Sustainability

DTU saves 188 tonnes of CO2 by recycling IT equipment

Used IT equipment from DTU is given new life through a new sustainable initiative. This minimizes electronic waste and ultimately helps to save Earth’s resources.

Daniel Thuesen and Allan Rosendahl gives new life to old computers. Photo: Mikal Schlosser.
Daniel Thuesen is organizing the old computers.

11 full pallets

Recycle IT was born from the initiative ‘IT at DTU’, which is one of four growth programme initiatives launched by DTU’s Executive Board in 2020. The goal is to create a more efficient and coherent IT organization by increasing transparency, dialogue, collaboration, and knowledge sharing between everyone who works with IT at DTU.

The pilot project began in November 2021, and last year, Daniel Thuesen and Allan Rosendahl signed a contract with the external company that was meant to deliver a large cardboard box for 30 laptops that the pair had found at DTU. But instead, the company delivered a pallet with room for significantly more equipment. And that became the start of something bigger. Word of the collection of used IT equipment spread quickly at DTU, and in the end Allan Rosendahl and Daniel Thuesen ended up with 11 full pallets. This corresponds to more than five tonnes of IT equipment.

Daniel Thuesen repairs old computers.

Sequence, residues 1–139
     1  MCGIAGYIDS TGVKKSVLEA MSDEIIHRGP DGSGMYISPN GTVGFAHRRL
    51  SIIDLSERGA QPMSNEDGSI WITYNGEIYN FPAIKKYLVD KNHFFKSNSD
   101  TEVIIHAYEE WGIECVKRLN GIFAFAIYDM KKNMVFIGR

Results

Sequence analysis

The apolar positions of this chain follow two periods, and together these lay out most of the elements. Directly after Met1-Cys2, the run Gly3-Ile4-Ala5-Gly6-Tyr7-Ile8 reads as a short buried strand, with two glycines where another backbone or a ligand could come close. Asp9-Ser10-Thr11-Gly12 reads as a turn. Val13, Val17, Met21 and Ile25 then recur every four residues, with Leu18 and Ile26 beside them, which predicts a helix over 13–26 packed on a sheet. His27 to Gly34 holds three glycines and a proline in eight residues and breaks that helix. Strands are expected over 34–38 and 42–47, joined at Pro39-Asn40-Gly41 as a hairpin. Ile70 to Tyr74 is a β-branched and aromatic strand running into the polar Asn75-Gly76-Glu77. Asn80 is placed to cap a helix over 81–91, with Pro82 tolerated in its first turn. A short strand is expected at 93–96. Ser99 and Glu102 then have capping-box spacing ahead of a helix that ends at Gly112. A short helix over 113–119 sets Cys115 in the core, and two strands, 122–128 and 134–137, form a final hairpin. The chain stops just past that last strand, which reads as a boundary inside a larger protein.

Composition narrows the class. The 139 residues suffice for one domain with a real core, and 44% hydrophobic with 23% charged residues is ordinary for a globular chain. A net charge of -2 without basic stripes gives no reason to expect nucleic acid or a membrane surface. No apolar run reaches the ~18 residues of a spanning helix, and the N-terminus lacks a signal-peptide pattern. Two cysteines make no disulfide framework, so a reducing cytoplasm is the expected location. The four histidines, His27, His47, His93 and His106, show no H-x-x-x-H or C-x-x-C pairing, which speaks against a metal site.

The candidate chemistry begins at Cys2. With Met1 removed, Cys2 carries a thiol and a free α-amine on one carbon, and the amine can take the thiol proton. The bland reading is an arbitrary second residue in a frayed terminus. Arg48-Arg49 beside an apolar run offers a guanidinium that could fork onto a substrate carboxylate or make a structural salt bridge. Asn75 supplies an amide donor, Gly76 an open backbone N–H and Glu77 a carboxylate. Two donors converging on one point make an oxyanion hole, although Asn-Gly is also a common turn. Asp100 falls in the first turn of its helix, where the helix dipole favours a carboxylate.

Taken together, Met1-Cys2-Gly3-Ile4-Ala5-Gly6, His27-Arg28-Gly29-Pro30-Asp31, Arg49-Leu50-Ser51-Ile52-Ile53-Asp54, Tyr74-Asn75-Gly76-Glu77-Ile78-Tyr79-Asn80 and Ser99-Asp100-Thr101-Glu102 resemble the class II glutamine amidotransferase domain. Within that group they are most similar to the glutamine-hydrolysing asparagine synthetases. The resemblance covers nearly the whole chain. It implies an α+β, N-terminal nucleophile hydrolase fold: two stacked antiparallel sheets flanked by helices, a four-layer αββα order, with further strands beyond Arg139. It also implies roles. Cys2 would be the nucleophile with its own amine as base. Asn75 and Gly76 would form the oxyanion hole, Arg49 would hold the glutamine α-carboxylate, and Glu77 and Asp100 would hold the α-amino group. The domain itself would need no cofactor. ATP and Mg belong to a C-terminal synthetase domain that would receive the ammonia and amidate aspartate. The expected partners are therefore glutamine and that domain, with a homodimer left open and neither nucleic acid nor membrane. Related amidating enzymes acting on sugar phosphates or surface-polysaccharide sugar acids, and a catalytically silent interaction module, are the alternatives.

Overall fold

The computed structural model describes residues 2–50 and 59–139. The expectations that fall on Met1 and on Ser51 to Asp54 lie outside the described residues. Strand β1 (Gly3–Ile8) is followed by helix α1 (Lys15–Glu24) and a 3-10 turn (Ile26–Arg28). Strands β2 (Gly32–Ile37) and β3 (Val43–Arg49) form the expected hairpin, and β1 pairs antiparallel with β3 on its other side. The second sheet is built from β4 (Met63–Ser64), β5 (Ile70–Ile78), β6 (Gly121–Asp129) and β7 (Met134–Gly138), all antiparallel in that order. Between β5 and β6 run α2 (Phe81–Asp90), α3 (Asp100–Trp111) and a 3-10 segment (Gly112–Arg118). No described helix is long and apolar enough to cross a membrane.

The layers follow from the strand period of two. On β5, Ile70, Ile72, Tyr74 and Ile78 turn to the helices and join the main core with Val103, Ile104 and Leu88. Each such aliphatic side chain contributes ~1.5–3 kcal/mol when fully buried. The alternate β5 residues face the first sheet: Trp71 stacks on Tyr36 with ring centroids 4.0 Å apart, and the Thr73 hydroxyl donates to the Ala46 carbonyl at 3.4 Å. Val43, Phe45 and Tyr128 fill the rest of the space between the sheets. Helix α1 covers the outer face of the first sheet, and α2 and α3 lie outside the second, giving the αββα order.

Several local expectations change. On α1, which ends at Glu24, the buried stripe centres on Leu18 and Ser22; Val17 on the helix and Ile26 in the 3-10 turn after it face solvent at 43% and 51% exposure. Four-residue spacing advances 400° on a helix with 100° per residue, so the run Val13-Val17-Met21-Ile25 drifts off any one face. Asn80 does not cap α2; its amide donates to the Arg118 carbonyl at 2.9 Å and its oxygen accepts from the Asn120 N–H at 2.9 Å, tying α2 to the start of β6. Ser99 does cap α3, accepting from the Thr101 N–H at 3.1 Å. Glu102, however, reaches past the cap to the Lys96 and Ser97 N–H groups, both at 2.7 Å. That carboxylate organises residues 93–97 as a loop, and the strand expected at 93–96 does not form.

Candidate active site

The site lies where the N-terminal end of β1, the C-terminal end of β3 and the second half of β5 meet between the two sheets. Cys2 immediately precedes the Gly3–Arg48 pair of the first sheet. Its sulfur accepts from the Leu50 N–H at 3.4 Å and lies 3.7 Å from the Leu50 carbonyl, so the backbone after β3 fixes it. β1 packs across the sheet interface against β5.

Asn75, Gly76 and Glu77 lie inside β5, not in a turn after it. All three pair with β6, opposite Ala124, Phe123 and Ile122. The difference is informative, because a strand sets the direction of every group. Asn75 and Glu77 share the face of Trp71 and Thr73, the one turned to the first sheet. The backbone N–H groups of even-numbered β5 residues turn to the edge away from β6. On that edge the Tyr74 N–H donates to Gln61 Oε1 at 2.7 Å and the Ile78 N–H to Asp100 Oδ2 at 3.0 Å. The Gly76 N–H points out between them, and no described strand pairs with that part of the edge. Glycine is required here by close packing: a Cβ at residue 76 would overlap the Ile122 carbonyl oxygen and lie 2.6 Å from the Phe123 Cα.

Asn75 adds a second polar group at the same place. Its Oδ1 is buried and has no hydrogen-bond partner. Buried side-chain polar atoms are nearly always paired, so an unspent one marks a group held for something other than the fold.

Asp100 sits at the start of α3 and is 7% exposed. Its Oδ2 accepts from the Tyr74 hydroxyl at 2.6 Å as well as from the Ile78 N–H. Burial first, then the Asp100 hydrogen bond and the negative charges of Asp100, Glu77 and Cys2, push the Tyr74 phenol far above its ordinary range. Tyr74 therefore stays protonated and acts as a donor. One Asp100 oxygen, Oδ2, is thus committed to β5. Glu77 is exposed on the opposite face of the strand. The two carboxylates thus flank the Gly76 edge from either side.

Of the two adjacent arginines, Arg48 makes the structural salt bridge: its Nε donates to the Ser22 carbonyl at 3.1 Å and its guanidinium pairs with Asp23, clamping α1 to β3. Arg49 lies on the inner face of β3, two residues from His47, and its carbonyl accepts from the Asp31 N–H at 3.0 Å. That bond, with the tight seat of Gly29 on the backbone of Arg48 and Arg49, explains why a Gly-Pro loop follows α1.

A sustainable campus

Today, Recycle IT consists of seven DTU employees who all carry out their everday work alongside the pilot project. With the money earned, the project team is currently working on developing a website that will help spread awareness of the recycling programme at DTU as well as preparing internal guidelines for how to handle the large amounts of IT equipment. In addition, they need to find a way for employees and students to hand in their used IT equipment at the DTU Lyngby Campus.

The hope is that the pilot project will become so well known at DTU that employees and students contact Recycle IT before ordering a new computer. In this way, everyone can help further the green transition at the University, says Daniel Thuesen:

“Our goal is not to make money, but to recycle the IT equipment at DTU. For every machine that we recycle, DTU avoids having to buy a new one. We therefore encourage students and staff to look through their desk drawers and see if they have a computer lying around that they don’t use. By giving us their used IT equipment, they’re helping DTU realize its goal of becoming a sustainable campus.”

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